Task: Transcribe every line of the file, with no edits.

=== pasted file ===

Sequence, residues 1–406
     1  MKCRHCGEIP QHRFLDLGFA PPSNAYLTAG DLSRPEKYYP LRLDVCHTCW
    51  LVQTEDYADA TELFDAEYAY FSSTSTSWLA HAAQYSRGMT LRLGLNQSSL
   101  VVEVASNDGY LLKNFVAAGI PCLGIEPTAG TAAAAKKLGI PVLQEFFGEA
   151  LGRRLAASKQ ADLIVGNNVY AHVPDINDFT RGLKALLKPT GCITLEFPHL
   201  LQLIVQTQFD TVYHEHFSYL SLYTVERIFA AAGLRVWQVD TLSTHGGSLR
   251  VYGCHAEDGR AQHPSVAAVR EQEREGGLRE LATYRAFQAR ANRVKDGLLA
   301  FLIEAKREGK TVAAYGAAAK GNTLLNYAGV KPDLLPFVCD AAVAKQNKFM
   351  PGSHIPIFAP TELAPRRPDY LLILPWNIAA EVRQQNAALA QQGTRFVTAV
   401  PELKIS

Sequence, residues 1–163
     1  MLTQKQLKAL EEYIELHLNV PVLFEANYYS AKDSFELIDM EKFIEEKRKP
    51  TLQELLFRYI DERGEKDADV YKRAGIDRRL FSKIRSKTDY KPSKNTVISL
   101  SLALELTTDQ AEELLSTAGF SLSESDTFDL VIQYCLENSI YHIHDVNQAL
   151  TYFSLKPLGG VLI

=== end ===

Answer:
Sequence, residues 1–406
     1  MKCRHCGEIP QHRFLDLGFA PPSNAYLTAG DLSRPEKYYP LRLDVCHTCW
    51  LVQTEDYADA TELFDAEYAY FSSTSTSWLA HAAQYSRGMT LRLGLNQSSL
   101  VVEVASNDGY LLKNFVAAGI PCLGIEPTAG TAAAAKKLGI PVLQEFFGEA
   151  LGRRLAASKQ ADLIVGNNVY AHVPDINDFT RGLKALLKPT GCITLEFPHL
   201  LQLIVQTQFD TVYHEHFSYL SLYTVERIFA AAGLRVWQVD TLSTHGGSLR
   251  VYGCHAEDGR AQHPSVAAVR EQEREGGLRE LATYRAFQAR ANRVKDGLLA
   301  FLIEAKREGK TVAAYGAAAK GNTLLNYAGV KPDLLPFVCD AAVAKQNKFM
   351  PGSHIPIFAP TELAPRRPDY LLILPWNIAA EVRQQNAALA QQGTRFVTAV
   401  PELKIS

Sequence, residues 1–163
     1  MLTQKQLKAL EEYIELHLNV PVLFEANYYS AKDSFELIDM EKFIEEKRKP
    51  TLQELLFRYI DERGEKDADV YKRAGIDRRL FSKIRSKTDY KPSKNTVISL
   101  SLALELTTDQ AEELLSTAGF SLSESDTFDL VIQYCLENSI YHIHDVNQAL
   151  TYFSLKPLGG VLI